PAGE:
Boost heart health

Studies reveal walking is a worthwhile aerobic exercise that can improve your heart health. For example, a study of older adults concluded that taking 500 additional steps each day was associated with a 14% reduction in the risk of stroke, heart failure, or heart disease. Adults who took around 4,500 steps each day had a 77% lower observed risk of a cardiovascular event. Exercises like brisk walking and jogging increase your heart rate and make your heart more efficient at pumping blood throughout your body.

Stronger bones and muscles

Walking applies pressure on your muscles and bones and can strengthen your musculoskeletal system. Movement also delivers nutrients to your joints, and the additional weight amplifies the exertion and engages your core. Wearing a backpack engages your upper back and shoulder muscles like the trapezius and deltoids. Strengthening your back could also improve your posture and help you stand up straighter. Rucking has been shown to boost muscle strength in older adults and lower the risk of age-related muscle loss called sarcopenia, as well as other muscle-degenerative conditions.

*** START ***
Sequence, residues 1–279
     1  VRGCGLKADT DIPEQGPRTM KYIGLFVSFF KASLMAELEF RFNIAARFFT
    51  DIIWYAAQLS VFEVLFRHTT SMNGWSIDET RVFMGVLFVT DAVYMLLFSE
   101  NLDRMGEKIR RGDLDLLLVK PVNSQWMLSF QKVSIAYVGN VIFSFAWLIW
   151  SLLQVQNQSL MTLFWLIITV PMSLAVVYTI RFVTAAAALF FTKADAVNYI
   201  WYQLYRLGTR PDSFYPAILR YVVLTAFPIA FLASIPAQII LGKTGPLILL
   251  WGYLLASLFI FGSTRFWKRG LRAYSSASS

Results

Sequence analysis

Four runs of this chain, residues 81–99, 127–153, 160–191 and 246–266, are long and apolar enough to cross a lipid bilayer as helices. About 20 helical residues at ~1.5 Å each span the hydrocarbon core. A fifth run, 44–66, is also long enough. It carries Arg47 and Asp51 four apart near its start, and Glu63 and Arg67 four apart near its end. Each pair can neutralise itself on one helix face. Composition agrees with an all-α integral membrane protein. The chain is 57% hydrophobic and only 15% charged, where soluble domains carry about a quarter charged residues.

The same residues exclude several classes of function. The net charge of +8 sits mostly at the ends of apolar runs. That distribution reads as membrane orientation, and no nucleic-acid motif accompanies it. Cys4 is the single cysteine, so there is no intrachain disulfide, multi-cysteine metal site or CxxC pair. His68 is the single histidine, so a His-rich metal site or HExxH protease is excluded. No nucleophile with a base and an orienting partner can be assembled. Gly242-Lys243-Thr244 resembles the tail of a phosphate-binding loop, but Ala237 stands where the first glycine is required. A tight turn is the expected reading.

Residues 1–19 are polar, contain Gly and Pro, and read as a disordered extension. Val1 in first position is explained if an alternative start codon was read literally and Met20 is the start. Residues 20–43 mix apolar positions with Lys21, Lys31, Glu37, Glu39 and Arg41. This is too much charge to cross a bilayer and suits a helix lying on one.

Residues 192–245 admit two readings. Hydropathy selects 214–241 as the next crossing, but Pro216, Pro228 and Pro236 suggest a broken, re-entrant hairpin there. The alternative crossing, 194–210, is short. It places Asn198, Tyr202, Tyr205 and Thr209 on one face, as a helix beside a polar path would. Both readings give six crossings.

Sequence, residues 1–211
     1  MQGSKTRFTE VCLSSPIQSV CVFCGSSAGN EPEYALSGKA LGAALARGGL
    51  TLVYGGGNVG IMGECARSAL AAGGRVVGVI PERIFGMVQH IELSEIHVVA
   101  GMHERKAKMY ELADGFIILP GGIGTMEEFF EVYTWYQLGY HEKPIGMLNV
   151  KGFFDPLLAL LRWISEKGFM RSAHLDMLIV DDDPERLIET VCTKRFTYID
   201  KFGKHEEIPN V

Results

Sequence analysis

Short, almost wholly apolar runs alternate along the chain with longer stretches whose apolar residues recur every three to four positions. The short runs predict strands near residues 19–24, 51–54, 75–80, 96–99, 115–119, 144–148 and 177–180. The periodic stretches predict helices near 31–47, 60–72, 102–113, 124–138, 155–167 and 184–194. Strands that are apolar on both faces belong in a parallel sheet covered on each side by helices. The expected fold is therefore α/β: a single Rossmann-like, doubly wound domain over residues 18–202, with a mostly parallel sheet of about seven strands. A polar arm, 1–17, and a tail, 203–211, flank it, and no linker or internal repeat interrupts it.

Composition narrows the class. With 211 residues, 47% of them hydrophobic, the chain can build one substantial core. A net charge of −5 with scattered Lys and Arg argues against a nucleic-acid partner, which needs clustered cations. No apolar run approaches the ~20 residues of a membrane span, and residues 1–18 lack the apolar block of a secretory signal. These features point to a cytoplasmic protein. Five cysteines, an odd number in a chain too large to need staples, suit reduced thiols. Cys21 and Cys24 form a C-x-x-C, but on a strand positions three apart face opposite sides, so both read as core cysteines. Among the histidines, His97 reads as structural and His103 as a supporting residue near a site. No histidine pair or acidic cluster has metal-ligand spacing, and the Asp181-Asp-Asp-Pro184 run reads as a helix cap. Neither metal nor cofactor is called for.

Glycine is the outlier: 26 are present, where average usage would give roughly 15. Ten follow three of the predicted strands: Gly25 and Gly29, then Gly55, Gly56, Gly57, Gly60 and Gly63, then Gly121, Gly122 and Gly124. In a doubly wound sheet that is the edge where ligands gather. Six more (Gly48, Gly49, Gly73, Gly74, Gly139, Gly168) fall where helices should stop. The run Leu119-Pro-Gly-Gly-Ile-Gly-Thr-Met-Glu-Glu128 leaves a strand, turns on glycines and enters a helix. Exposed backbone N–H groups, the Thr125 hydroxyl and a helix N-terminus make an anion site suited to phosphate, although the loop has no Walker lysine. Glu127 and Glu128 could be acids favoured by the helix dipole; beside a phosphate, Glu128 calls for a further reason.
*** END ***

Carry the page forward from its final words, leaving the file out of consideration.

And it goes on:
Stronger mind

Going on a walk out in nature can help clear your mind and put you in a better mental space. Rucking can build your resilience, which you can apply to other areas of your life.

Functional fitness

Functional fitness exercises help improve your ability to perform your daily activities and everyday movements, including picking up and carrying grocery bags and lifting objects. Interesting research shows rucking enhances push-ups and sit-ups and makes tasks feel a little less physically demanding, indicating an overall improvement in physical fitness.

Rucking tips

Man wearing yellow jacket and backpack hiking or rucking in forest or woods with tall trees
Thom Holmes / Unsplash

Here are some top rucking tips:

  • Start with a lower weight of around 5 or 10 pounds and work your way up over time.
  • Try to make sure the weight is properly balanced.
  • Be mindful that the same weight might feel different at mile seven compared to mile one.
  • It’s best to start with a backpack designed for hiking and avoid overloading it.
  • Padded shoulder straps add comfort.
  • Backpacks with shoulder and waist straps offer extra support and help distribute the weight more evenly across your body.
  • Wear comfortable and appropriate clothing and shoes, and keep in mind the type of terrain you’ll be crossing.
  • Start with shorter distances and less challenging terrains.
  • Don’t forget your hydration.
  • Keep safety in mind and carry useful tools like a small flashlight.
  • Try a ten-minute warm-up before you go, focusing on your neck, shoulders, and back.
  • Avoid rolling or hunching your shoulders forward. Try to keep your back straight and your shoulders back while rucking.
  • Try to make sure you’re getting plenty of rest on the days when you aren’t rucking.
Steph Green
Steph Green is a content writer specializing in healthcare, wellness, and nutrition. With over ten years of experience, she…